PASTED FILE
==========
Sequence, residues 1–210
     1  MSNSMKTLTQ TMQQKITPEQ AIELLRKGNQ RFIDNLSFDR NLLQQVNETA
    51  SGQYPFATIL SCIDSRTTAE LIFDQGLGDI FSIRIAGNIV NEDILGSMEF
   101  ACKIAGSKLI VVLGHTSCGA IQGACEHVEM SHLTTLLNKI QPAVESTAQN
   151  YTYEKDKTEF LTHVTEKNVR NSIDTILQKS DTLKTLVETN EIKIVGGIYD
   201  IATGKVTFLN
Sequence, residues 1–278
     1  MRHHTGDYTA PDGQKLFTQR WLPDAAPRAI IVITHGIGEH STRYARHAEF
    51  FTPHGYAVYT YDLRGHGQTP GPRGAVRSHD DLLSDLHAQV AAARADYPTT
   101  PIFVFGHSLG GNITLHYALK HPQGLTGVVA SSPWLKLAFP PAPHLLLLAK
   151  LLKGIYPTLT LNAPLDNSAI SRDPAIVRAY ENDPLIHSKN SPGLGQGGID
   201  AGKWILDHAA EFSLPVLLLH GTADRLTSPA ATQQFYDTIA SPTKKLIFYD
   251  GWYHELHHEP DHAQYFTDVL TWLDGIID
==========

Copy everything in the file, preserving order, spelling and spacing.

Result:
Sequence, residues 1–210
     1  MSNSMKTLTQ TMQQKITPEQ AIELLRKGNQ RFIDNLSFDR NLLQQVNETA
    51  SGQYPFATIL SCIDSRTTAE LIFDQGLGDI FSIRIAGNIV NEDILGSMEF
   101  ACKIAGSKLI VVLGHTSCGA IQGACEHVEM SHLTTLLNKI QPAVESTAQN
   151  YTYEKDKTEF LTHVTEKNVR NSIDTILQKS DTLKTLVETN EIKIVGGIYD
   201  IATGKVTFLN
Sequence, residues 1–278
     1  MRHHTGDYTA PDGQKLFTQR WLPDAAPRAI IVITHGIGEH STRYARHAEF
    51  FTPHGYAVYT YDLRGHGQTP GPRGAVRSHD DLLSDLHAQV AAARADYPTT
   101  PIFVFGHSLG GNITLHYALK HPQGLTGVVA SSPWLKLAFP PAPHLLLLAK
   151  LLKGIYPTLT LNAPLDNSAI SRDPAIVRAY ENDPLIHSKN SPGLGQGGID
   201  AGKWILDHAA EFSLPVLLLH GTADRLTSPA ATQQFYDTIA SPTKKLIFYD
   251  GWYHELHHEP DHAQYFTDVL TWLDGIID